by Dan Smith
As a lifelong car guy, it has been my pleasure to be involved with many major automotive events.
None was more gratifying than the 2003 centennial at Ormond Beach.
A large group of people had come together to stage a celebration of the 100-year anniversary of the very first race in this area.
The fantastic array of antique racecars that we put on the beach has been called by those in the know the most impressive assemblage in history. Around 10,000 spectators were on hand and everyone involved had a lot of fun. One of the highlights of that centennial was the dedication of the Birthplace of Speed Park on the dunes at the Granada Boulevard beach approach.
The City of Ormond Beach created a gorgeous little park complete with marble markers to commemorate the history that had taken place on the beach there. The city even commissioned monuments of the two cars that were involved in that first race. It was with great fanfare the replicas of the Winton Bullet and the Olds Pirate were unveiled. Several members of the Winton family were on hand, some coming down from Cleveland. The Olds family came from Lansing, Mich., and some traveled all the way from California.
It was truly a fitting event to mark 100 years of history that would forever brand our area as a center for motor sports and provide the world with the first automotive test track.
After the fun subsided, it soon became clear the two monument cars were not correctly built to withstand the harsh salt climate where they were displayed. The cars were removed from the park and repainted. There was some talk of finding a new home for them until I volunteered to wash and care for the cars in the park. Sadly, after about a year, it became clear I was losing the battle to mother nature. Once more the cars were removed from the park.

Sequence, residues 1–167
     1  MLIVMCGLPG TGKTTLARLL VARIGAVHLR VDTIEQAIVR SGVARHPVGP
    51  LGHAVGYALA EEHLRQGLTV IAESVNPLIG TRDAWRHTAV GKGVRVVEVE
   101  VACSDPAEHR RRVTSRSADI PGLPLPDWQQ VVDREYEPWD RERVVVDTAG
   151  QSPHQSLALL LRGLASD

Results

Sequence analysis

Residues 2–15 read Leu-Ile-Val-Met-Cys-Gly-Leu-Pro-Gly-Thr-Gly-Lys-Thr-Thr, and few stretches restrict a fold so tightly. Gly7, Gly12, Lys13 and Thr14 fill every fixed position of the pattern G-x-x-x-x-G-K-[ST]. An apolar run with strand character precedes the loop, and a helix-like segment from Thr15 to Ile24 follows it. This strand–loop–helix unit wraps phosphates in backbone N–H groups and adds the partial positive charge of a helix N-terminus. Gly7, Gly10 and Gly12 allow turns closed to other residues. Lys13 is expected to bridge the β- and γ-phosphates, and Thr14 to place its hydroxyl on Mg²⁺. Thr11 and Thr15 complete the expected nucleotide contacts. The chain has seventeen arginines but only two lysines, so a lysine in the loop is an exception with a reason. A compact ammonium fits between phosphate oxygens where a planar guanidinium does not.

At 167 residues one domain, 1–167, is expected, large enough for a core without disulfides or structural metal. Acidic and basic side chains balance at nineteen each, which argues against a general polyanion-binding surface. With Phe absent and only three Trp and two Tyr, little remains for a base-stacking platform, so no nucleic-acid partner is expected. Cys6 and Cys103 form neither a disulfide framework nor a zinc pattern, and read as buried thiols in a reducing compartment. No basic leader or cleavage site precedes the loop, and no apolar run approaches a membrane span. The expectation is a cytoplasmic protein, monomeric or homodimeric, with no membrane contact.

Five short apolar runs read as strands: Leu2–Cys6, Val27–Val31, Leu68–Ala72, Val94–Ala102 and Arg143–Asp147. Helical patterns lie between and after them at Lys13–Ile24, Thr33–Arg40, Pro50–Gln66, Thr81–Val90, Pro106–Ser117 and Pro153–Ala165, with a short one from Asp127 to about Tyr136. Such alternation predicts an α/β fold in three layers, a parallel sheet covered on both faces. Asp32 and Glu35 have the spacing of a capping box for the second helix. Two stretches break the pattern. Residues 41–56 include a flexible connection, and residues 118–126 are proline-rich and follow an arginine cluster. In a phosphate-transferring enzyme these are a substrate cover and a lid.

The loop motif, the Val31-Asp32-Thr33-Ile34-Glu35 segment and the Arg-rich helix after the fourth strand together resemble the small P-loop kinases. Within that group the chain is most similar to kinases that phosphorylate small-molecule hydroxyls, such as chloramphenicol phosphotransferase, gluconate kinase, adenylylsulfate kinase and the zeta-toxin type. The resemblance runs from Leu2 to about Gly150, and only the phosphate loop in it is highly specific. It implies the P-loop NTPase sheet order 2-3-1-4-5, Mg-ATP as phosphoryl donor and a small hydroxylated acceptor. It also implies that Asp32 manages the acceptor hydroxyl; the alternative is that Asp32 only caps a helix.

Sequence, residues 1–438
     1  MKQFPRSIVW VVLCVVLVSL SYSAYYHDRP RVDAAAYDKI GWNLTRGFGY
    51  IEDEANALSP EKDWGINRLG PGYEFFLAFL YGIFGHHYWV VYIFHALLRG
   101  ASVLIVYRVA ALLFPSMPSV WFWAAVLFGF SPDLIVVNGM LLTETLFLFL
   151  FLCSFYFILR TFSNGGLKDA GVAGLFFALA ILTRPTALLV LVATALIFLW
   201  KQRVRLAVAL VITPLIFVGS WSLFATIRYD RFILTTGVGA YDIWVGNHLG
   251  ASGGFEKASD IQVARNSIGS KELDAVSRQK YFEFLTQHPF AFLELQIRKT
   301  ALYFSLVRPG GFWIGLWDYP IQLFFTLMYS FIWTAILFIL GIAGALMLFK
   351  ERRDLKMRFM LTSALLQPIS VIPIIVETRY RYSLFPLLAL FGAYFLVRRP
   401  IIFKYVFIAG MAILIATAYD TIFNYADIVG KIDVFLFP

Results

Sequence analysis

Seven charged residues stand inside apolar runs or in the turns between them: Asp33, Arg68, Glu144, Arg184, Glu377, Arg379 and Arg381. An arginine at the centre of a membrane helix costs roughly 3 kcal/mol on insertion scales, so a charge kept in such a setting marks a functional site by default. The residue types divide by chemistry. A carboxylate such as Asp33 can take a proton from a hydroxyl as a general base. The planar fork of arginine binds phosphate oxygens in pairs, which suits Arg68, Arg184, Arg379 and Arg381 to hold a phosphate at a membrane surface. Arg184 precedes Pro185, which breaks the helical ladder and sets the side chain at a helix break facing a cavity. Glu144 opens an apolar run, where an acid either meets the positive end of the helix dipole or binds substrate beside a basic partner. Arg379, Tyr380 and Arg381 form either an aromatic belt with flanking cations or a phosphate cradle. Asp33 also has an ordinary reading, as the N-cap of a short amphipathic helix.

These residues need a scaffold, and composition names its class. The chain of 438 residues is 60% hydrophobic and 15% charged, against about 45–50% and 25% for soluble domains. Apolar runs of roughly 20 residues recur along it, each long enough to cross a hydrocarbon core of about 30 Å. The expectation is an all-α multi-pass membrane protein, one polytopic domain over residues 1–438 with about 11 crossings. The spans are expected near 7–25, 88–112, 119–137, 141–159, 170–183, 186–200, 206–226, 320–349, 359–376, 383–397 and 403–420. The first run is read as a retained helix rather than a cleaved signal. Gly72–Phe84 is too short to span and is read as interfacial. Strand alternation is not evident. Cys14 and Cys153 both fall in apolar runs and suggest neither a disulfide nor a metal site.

Early in 2009, The Motor Racing Heritage Association asked the city for permission to build a small replica of the Ormond Garage to house and protect the cars in the Birthplace of Speed Park. The city commission went along with our plans, but left the project entirely up to the association. In the years since, our club has struggled to find the funding and the expertise to do the building. Under the direction of acting treasurer and local historian Mrs. Suzanne Heddy, our task is now complete. Thanks to great support from the Root family and many others, we will dedicate the new Ormond Garage at 2 p.m. Thursday, March 28. That date is significant since it is the 110-year anniversary of the race between the Winton and Olds.
Aside from protecting the cars, the new garage will serve as a tribute to the original that was destroyed by fire on Jan.7, 1976. Through the years one of the most asked questions from visitors and locals is where is the Ormond Garage? The new "gasoline alley" will be the centerpiece of the park that now contains four marble monuments that commemorate various historical highlights of the beach.
In 2006, the Stanley Museum of Kingfield, Maine, placed a marker there to honor the great Stanley speed record of 1906 and the next year the Glenn Curtiss Museum did the same with a monument marking his great motorcycle record of 1907. Mr. Curtiss would have his first brush with fame on Ormond's beach, but would go on to become the father of the American Aviation industry.
As I said in the beginning of this piece, this is the culmination of a lot of hard work by a lot of folks. The list of donors are too many to thank here but I do need to mention, aside from the Root Family, Historic Shed Co., KDK Concrete, Trent Electric, Daniel Johns engineering, Randy's Auto Body and the City of Ormond Beach, If you are a fan of local history, stop by and join us. Many city officials will be on hand as will Motor Racing Heritage Association president Ron Piasecki, Suzanne Heddy and yours truly. This long awaited day is bound to be a fun time.
Dan Smith is on the board of directors for the Ormond Beach Historical Society and The Motor Racing Heritage Association and is the author of two books, "The World's Greatest Beach" and "I Swear the Snook Drowned." E-mail questions and comments to firstname.lastname@example.org or call (386) 441-7793.